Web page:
CABLE & PIPE PROTECTION Intumescent material halts spread of fire through penetrations

(Left) In the face of a fire, the intumescent material in Fireseal's Pipelock PL transit expands to squeeze the plastic pipe shut. (Right)Fireseal's Squeezer CTT cable transit contains an intumescent material which swells in the heat generated by a fire to form an impenetrable barrier. A new solution for ensuring the integrity of cable and pipe penetrations in the face of fire has been introduced by Fireseal Engineering.

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A60-rated Pipelock units destined for duty on N'Kossa

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(Left) In the face of a fire, the intumescent material in Fireseal's Pipelock PL transit expands to squeeze the plastic pipe shut.


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(Right)Fireseal's Squeezer CTT cable transit contains an intumescent material which swells in the heat generated by a fire to form an impenetrable barrier.


A new solution for ensuring the integrity of cable and pipe penetrations in the face of fire has been introduced by Fireseal Engineering.

For cables the product is known as the Squeezer CTT, and consists of one or more steel tubes which pass through a fixing plate that is welded or bolted onto the barrier to be penetrated.

The tubes are internally coated with a thin layer - just 1mm - of an intumescent material which when exposed to the heat of a fire swells to 30-50 times its original size, blocking any possibility of the fire passing through the penetration.

A second product, Pipelock PL, is available in sizes up to 200mm for plastic pipe penetrations, such as those in living quarter toilets. This consists of a canister in two halves which is bolted on either side of the barrier. The inside of the canister sections is coated with the intumescent material.

"As it swells, the intumescent material creates a pressure of up to 8 bar, thus squeezing the pipe shut," says managing director Bo Ohlsson. With both products, a silicon sealant must also be applied at one end of the penetration to prevent the passage of cold smoke.

The products have been approved by most relevant certifying authorities, including DnV and Lloyd's Register, for A60 ratings for offshore and marine applications.

Although marketing of the new products to offshore clients is only in the initial stages, an order for Pipelock PL units has already been won for Elf's N'Kossa development in West Africa.

The offshore sector is a major market for Fireseal's products, Ohlsson says. The Studsvik FS-03 line of penetration seals, which uses silicon foam as the sealing agent, is to be found on many offshore facilities.

Among the latest entries on the company's reference list is Canada's Hibernia development. In addition to the conventional cable and pipe seals, Fireseal's products are specified for the perimeter seals for the utility shaft of the platform's concrete gravity base. These will be placed between each deck and the shaft wall, which has a circumference of 17 metres.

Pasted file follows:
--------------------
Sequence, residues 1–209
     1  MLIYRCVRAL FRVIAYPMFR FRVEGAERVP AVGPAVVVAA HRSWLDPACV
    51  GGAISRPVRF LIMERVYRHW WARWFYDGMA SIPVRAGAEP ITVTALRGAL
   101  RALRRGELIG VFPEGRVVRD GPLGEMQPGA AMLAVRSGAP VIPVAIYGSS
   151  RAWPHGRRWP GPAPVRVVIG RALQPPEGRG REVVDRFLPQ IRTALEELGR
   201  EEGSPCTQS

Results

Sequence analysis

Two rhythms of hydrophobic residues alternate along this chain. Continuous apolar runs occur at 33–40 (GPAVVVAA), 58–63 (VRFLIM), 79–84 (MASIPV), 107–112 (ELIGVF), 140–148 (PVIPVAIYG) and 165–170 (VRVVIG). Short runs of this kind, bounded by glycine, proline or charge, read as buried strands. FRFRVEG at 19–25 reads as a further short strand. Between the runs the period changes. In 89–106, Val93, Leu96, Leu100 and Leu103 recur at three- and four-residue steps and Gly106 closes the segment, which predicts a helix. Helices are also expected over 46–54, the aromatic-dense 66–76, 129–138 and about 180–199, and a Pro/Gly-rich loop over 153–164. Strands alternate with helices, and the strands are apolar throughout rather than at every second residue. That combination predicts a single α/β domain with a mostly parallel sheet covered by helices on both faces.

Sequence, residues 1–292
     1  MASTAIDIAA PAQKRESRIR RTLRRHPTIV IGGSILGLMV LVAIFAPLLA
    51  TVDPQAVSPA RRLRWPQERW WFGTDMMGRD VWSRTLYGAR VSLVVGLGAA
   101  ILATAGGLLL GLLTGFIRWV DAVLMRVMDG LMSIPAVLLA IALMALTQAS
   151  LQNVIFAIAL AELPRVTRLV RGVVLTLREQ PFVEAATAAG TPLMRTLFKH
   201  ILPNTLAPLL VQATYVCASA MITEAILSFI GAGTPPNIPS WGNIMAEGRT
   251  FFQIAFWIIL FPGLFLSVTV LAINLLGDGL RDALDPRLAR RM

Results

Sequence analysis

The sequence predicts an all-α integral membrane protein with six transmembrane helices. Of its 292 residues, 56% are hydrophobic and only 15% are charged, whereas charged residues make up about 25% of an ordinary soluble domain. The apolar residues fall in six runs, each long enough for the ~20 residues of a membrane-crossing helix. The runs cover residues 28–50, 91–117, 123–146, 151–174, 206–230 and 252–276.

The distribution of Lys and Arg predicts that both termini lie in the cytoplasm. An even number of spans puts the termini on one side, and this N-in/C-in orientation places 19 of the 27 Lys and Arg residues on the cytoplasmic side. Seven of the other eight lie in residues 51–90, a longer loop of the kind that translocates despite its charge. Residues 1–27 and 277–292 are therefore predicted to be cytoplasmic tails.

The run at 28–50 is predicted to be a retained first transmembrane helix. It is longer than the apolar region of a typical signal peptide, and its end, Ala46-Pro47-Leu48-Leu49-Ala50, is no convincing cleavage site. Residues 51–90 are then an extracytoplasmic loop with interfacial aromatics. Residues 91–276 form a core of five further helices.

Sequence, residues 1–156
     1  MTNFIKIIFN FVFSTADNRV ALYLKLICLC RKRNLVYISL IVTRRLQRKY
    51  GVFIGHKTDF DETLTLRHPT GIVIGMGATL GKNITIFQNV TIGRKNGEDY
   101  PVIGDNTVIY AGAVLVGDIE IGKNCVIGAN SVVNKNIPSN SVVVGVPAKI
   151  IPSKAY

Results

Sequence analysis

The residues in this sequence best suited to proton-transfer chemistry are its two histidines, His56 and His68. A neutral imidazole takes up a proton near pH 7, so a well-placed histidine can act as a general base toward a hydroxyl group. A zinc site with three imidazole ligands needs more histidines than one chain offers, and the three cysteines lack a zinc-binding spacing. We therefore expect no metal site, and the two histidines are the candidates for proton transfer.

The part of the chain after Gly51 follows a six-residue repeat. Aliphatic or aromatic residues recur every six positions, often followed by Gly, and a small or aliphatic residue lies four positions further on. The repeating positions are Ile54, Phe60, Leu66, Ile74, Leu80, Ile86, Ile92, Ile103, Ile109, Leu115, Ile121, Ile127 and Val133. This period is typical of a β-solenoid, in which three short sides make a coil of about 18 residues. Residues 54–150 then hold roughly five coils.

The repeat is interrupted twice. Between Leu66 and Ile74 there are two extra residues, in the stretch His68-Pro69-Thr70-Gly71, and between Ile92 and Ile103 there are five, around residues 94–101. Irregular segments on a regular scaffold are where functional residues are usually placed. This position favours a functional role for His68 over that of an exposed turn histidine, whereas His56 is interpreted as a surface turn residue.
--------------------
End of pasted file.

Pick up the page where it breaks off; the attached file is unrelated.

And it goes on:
Delivery of the perimeter seals gets under way in August. The Hibernia sale was won by Fireseal Canada, a joint venture set up with a company based in St. John's, Newfoundland. Seal manufacture will take place in Sweden and Canada.

Fireseal products have also recently been supplied to the Sleipner West and Troll Gas projects in Norway, the Brent redevelopment in the UK, and the Goodwin project in Australia.

Ohlsson welcomes the trend which has seen the company become involved in the engineering of the penetrations. "We are very interested in increasing our cooperation with the project engineering companies at an early stage," he says.

"We are now doing this with Technip for the N'Kossa project. We're on a learning curve because this is the first major project in which we've been involved in the early engineering as well as product supply. But we've discussed becoming involved at this stage with leading engineering companies such as Aker and Kvaerner and to some extent played a part in the engineering on the Sleipner West project."

Ohlsson is keen to stress the efficiency of Fireseal products in blocking the passage of toxic smoke and fumes - this is what has proved the killer in recent offshore and marine disasters, he says.

He would like to see the safety standards practiced in Norway taken on in other countries. "The worst competitor we have is ignorance," he says. "If you go for some cheap, low-technology product, it won't do the job. It's no good making penetrations the weakest link in the chain of defense against fire."

For more information contact Bo Ohlsson, Fireseal Engineering AB: telephone 46 155 26 80 40 or fax 46 155 28 41 10.

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